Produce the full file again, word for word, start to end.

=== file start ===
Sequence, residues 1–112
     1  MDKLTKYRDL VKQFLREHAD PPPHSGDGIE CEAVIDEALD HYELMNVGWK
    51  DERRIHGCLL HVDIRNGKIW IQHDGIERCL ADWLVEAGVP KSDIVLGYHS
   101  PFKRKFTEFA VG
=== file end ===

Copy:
Sequence, residues 1–112
     1  MDKLTKYRDL VKQFLREHAD PPPHSGDGIE CEAVIDEALD HYELMNVGWK
    51  DERRIHGCLL HVDIRNGKIW IQHDGIERCL ADWLVEAGVP KSDIVLGYHS
   101  PFKRKFTEFA VG